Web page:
Cathleen Ross asks that one important question for April Fool’s Day – have you ever been a fool for love?
When I was twenty I had a huge crush on an Italian Australian fellow at university. I knew he was interested in me, so I went all out to win him. I’m half Italian, so I told him what a great cook I was and invited him for dinner. Unfortunately, what I neglected to tell him was that my mother who was English, did all the cooking. I knew nothing.
In my ignorance I thought I’d whip up a pasta sauce before dinner. As my mince bubbled and boiled on the stove I added a can of tomato. I thought I’d wow this guy with my roast chicken too, the only thing I knew how to cook much to my flatmates’ disgust. Making a special effort, I rang mum and asked for her stuffing recipe. In my excitement and effort to impress this new man, I completely forgot to buy any vegetables.
When my fellow came to the door, my heart started beating overtime. He was gorgeous. A dark Italian with piercing black eyes and swarthy skin. I almost swooned on the doorstep.
After I invited him in, I gave him a drink and he sat at the kitchen table. My concoction looked ready, the mince having reduced to sauce quality. It smelled, well, it smelled like mince. I served it up with some pasta and sat to enjoy our dinner for two.
Unfortunately, the mince tasted like mince too, minus the salt and the herbs. It was disgusting. To my date’s credit he managed to eat it and not complain. Years later he still tells the story about how he ate my appalling meal and pretended he liked it.
I then served up the roast chicken loading heaps of it onto his plate in absence of any vegetables. While eating, he picked up a plastic package. In those days the gizzards came in a little plastic package, which I’d forgotten to remove.
I wasn’t surprised when my date invited me out for dessert. He was probably too scared to see what I had in store.
Six years and lots of cooking lessons from my date’s mother, he married me.
So, have you ever been a fool for love?
Cathleen Ross’s Pasta Sauce after 30 years of marriage.
- 250 grams of pork mince
- 250 grams of veal mince
- 2 bunches of coriander (cilantro )
- 6 onions
- I pod of tomato paste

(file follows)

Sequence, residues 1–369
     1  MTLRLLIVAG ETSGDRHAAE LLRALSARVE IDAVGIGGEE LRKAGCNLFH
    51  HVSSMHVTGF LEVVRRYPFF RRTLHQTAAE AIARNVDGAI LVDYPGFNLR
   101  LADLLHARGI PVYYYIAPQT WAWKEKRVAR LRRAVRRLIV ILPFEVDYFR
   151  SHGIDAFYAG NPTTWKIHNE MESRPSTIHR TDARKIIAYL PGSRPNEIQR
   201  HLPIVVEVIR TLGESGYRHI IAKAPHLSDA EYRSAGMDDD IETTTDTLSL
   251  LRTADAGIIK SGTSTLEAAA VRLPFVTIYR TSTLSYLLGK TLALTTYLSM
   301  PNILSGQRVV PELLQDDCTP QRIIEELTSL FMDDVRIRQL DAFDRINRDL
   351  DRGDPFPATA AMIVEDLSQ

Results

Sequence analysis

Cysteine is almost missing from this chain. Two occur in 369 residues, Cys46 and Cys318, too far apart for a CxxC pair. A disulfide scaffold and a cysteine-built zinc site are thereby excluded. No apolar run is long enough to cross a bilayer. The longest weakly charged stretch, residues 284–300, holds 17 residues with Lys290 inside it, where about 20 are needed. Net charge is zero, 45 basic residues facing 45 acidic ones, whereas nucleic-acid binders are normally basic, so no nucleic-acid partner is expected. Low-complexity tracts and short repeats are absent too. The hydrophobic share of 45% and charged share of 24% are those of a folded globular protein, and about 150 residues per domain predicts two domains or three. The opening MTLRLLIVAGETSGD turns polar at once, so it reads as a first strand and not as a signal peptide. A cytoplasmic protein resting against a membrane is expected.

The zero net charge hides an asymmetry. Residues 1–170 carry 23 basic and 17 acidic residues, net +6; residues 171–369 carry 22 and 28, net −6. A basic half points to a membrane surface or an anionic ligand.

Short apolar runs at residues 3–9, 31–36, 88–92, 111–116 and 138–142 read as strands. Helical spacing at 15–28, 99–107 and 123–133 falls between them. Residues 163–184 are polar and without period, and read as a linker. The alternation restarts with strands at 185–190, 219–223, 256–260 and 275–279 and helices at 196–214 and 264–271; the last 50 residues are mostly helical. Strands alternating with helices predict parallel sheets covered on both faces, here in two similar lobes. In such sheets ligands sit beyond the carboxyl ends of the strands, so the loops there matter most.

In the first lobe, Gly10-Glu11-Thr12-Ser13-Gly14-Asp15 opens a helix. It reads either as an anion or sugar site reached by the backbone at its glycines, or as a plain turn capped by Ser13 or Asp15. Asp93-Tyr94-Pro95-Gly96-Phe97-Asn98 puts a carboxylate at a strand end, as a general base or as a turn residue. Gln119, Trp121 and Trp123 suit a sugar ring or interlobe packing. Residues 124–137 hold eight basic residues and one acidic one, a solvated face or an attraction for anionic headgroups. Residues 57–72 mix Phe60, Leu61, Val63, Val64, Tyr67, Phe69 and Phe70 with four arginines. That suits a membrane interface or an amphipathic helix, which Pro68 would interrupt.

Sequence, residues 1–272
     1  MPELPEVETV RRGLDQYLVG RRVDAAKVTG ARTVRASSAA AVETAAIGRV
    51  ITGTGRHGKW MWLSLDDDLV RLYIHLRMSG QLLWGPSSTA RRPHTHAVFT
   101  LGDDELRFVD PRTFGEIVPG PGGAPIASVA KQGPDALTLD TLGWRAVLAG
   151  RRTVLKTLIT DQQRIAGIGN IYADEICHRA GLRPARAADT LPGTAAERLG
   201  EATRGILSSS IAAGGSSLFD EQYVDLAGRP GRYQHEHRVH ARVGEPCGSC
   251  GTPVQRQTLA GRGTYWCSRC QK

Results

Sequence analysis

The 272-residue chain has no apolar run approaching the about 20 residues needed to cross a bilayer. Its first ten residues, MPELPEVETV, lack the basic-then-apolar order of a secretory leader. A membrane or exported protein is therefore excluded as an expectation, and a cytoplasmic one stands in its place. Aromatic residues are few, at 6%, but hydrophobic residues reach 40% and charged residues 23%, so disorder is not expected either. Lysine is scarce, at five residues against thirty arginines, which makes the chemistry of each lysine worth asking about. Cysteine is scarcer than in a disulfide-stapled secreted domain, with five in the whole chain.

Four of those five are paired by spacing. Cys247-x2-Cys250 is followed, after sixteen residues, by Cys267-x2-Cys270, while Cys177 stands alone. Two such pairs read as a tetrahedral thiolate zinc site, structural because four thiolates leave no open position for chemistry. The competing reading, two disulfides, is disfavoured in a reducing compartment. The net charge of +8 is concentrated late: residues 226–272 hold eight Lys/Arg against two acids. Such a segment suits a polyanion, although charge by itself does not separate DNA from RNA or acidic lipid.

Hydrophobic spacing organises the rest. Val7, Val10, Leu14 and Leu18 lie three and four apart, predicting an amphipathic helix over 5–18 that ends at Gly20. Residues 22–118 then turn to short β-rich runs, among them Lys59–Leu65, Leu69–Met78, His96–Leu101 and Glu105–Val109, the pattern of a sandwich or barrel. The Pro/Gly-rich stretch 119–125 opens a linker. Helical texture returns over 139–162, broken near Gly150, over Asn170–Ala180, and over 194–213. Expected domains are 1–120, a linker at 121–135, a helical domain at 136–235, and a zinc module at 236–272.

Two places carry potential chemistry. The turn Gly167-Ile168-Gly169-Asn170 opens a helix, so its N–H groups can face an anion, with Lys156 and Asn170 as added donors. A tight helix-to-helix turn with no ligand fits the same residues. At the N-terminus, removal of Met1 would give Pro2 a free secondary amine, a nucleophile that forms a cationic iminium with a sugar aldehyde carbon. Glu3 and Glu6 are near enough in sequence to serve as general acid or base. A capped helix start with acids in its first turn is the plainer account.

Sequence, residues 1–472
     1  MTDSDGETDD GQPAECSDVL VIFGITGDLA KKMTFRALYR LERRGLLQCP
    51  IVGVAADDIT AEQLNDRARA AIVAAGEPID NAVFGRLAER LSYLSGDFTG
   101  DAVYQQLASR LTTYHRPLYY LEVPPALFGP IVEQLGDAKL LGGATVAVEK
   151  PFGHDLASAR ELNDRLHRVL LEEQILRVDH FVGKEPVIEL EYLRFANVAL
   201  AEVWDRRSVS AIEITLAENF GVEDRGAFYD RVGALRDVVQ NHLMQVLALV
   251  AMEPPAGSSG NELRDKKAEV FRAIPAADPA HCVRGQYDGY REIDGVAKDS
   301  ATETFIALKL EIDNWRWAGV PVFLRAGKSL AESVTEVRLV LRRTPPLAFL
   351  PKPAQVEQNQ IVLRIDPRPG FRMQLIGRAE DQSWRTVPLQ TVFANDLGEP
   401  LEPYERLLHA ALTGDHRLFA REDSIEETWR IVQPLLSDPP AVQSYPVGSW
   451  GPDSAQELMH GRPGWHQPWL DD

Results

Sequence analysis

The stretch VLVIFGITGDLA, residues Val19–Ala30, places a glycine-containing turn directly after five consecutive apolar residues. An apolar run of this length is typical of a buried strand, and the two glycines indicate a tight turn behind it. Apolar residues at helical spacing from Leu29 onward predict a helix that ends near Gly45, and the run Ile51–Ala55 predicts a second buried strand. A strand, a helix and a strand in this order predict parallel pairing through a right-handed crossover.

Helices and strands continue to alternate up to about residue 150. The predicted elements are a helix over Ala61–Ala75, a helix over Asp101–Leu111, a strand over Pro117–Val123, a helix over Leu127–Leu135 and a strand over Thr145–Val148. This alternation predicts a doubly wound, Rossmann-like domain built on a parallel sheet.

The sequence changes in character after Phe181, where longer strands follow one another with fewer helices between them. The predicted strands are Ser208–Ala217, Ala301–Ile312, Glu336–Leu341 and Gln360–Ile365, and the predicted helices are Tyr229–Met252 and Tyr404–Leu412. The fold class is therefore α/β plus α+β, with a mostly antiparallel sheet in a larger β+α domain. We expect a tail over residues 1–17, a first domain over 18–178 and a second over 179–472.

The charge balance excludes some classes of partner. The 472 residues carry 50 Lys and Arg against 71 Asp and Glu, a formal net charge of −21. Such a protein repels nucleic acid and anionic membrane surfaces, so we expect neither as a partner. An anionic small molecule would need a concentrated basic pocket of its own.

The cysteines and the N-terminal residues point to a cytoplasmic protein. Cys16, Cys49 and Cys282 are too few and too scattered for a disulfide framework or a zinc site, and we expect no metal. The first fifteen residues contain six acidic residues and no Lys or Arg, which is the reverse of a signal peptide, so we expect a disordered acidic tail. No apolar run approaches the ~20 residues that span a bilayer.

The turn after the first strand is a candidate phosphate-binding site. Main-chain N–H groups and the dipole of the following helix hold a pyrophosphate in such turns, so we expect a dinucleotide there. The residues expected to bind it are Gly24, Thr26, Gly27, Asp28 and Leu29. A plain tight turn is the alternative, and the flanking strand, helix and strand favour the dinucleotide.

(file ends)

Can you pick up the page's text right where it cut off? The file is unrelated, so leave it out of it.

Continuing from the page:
- 5X250 ml tins of diced Italian tomatoes
- 4 gloves of garlic
- I large deep dish frypan (prefer cast iron style)
- Olive oil
- A pinch of nutmeg
- Half a teaspoon of cinnamon
Cut onions finely. Cut coriander finely, no stems. Crush the garlic. Add salt to the mince.
Order of cooking
Place onions in pan with good amount of olive oil, but not so much that they are drowning. Cook on high heat until they are browning. Add coriander at high heat then the cinnamon, and mix until the coriander is infused. Add mince and cook at high heat until the mince is cooked and the coriander and onions are mixed in. Make sure you do not burn the ingredients.
Add the diced tomatoes, garlic, and paste. Keep the heat high for the next 10 to 15 minutes, and keep moving the sauce off the bottom with a wooden spoon.
If it starts burning, take the pan off and use the spoon to scrape the pan so the sauce doesn’t burn. We want it to get sticky, not burned, so keep the heat high and don’t leave the sauce at this stage. Once the sauce starts to stick to the bottom of the pan, lower the heat.
Stir every 5 minutes from now on. If the sauce gets dry, add white wine. Let it simmer on medium heat with lid slightly off to allow moisture to evaporate.
The sauce should be ready in 1 to 1.5 hours, depending on how much water is added. I judge it ready when the taste is good enough to want another spoonful, and then I turn it off.
Cathleen Ross writes for Escape Publishing. Her next release is Ruby’s Fantasy.